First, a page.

Unsafe at Any Feed

Unsafe at Any Feed
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In a national survey, fewer than half of the participants realized meat contaminated with fecal food-poisoning bacteria, such as Salmonella, can still legally be sold. Rather than producing safe products, the meat industry shifts the responsibility for safety onto the consumer.

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Most of the U.S. population suffers an “acute diarrheal illness” every year, and, according to a recent survey, most people correctly identified food as the most common source. But, fewer than half, 45%, believed it’s legal for grocery stores to sell meat with food-poisoning bacteria on it. It must be illegal, right? You can’t sell unsafe cars; you can’t sell unsafe toys. How could they possibly sell unsafe meat?

Yet it’s totally legal for most food-poisoning bugs. They do it by blaming the consumer. As USDA poultry microbiologist Nelson Cox said, “Raw meats are not idiot-proof. They can be mishandled and when they are, it’s like handling a hand grenade. If you pull the pin, somebody’s going to get hurt.” See, if we get sick, it’s our fault—not the meat industry, for selling meat contaminated with crap.

While some may question the wisdom of selling hand grenades in the supermarket, the USDA poultry expert disagrees: “I think the consumer has the most responsibility but refuses to accept it.” That’s like a car company saying, “Yeah, we installed faulty brakes, but it’s your fault for not putting your kid in a seatbelt.”

Patricia Griffin, director of Epidemiological Research at the Centers for Disease Control, responded famously to this kind of blame-the-victim attitude. “Is it reasonable,” she asked of the meat industry, “that if a consumer undercooks a hamburger…their three-year-old dies?”

To see any graphs, charts, graphics, images, and quotes to which Dr. Greger may be referring, watch the above video. This is just an approximation of the audio contributed by Serena.

Please consider volunteering to help out on the site.

Image thanks to sahlgoode / flickr

Most of the U.S. population suffers an “acute diarrheal illness” every year, and, according to a recent survey, most people correctly identified food as the most common source. But, fewer than half, 45%, believed it’s legal for grocery stores to sell meat with food-poisoning bacteria on it. It must be illegal, right? You can’t sell unsafe cars; you can’t sell unsafe toys. How could they possibly sell unsafe meat?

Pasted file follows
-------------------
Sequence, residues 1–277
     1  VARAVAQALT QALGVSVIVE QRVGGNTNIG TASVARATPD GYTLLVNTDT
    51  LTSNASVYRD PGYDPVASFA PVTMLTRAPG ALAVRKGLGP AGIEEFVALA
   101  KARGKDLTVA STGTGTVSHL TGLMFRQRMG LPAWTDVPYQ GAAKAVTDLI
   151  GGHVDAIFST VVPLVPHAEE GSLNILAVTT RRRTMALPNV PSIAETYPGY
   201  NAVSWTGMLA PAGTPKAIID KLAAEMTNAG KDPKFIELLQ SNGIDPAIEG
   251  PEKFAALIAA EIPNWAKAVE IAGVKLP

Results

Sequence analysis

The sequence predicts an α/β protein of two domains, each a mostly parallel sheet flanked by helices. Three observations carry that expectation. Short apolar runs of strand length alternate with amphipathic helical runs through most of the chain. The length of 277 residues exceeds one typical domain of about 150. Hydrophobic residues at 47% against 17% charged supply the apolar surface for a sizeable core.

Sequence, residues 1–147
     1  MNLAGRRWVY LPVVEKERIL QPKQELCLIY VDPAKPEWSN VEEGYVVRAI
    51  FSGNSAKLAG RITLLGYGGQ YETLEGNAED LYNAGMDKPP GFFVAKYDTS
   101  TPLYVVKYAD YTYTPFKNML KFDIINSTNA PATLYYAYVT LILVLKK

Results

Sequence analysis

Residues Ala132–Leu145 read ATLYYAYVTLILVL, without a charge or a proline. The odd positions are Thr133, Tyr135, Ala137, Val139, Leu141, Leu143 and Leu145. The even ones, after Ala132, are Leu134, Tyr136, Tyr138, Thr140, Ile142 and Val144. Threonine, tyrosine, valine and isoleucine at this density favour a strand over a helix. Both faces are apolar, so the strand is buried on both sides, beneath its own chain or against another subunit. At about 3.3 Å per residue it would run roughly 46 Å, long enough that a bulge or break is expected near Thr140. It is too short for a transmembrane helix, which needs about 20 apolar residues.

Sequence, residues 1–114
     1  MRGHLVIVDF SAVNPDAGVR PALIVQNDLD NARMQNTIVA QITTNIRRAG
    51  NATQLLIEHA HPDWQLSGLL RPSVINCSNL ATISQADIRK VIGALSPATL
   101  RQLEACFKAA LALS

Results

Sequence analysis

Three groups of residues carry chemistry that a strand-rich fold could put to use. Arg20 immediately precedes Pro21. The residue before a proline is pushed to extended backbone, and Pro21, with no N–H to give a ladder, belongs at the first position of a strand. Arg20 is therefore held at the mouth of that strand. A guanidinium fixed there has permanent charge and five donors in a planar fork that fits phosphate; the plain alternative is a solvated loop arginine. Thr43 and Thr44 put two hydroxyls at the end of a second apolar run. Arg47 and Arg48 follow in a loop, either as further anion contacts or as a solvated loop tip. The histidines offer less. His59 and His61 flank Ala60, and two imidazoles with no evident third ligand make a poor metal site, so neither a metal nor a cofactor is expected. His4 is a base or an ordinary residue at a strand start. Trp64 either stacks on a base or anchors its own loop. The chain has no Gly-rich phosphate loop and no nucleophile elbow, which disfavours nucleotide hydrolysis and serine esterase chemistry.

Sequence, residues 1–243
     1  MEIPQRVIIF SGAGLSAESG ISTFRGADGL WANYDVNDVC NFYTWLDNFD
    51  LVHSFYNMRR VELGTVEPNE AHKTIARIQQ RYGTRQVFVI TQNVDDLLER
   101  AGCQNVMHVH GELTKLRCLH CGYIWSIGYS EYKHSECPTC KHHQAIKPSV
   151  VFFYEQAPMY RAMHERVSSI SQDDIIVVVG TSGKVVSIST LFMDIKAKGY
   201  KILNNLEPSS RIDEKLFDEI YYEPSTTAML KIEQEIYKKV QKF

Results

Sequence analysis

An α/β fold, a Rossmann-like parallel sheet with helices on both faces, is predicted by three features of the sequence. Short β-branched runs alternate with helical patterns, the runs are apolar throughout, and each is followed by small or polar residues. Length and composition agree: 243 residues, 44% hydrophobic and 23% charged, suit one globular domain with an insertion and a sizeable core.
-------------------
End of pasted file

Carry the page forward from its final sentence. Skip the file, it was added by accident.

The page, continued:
Yet it’s totally legal for most food-poisoning bugs. They do it by blaming the consumer. As USDA poultry microbiologist Nelson Cox said, “Raw meats are not idiot-proof. They can be mishandled and when they are, it’s like handling a hand grenade. If you pull the pin, somebody’s going to get hurt.” See, if we get sick, it’s our fault—not the meat industry, for selling meat contaminated with crap.

While some may question the wisdom of selling hand grenades in the supermarket, the USDA poultry expert disagrees: “I think the consumer has the most responsibility but refuses to accept it.” That’s like a car company saying, “Yeah, we installed faulty brakes, but it’s your fault for not putting your kid in a seatbelt.”

Patricia Griffin, director of Epidemiological Research at the Centers for Disease Control, responded famously to this kind of blame-the-victim attitude. “Is it reasonable,” she asked of the meat industry, “that if a consumer undercooks a hamburger…their three-year-old dies?”

To see any graphs, charts, graphics, images, and quotes to which Dr. Greger may be referring, watch the above video. This is just an approximation of the audio contributed by Serena.

Please consider volunteering to help out on the site.

Image thanks to sahlgoode / flickr

Doctor's Note

Industry experts, in fact, admit it’s too expensive for the industry not to sell contaminated chicken—see Fecal Bacteria Survey. For questionable steps the meat industry is taking to mediate the threat, see Viral Meat Spray, and Maggot Meat Spray. The risks of handling fresh meat are discussed in Food Poisoning Bacteria Cross-Contamination. You can also check out my other videos on food poisoning.

And be sure to see my associated blog posts for more context: Why is it Legal to Sell Unsafe Meat?Is Coconut Oil Bad For You?Which Pets Improve Children’s Health?Why Is Selling Salmonella-Tainted Chicken Legal?; and Probiotics and Diarrhea.

If you haven’t yet, you can subscribe to my videos for free by clicking here.

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